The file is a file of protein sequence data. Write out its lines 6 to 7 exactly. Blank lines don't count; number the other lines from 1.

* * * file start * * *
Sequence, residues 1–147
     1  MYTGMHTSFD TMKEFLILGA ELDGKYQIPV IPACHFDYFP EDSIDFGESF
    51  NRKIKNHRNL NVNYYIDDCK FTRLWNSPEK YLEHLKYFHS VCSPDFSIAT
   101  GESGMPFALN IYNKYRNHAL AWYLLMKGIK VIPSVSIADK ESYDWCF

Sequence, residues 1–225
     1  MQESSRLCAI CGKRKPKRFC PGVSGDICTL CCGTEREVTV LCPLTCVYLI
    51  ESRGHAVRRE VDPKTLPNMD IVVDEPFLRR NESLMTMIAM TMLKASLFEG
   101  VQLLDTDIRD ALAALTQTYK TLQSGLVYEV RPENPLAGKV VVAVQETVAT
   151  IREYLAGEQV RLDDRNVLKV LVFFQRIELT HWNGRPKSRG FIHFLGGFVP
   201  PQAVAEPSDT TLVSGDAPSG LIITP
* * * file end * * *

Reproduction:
     1  MQESSRLCAI CGKRKPKRFC PGVSGDICTL CCGTEREVTV LCPLTCVYLI
    51  ESRGHAVRRE VDPKTLPNMD IVVDEPFLRR NESLMTMIAM TMLKASLFEG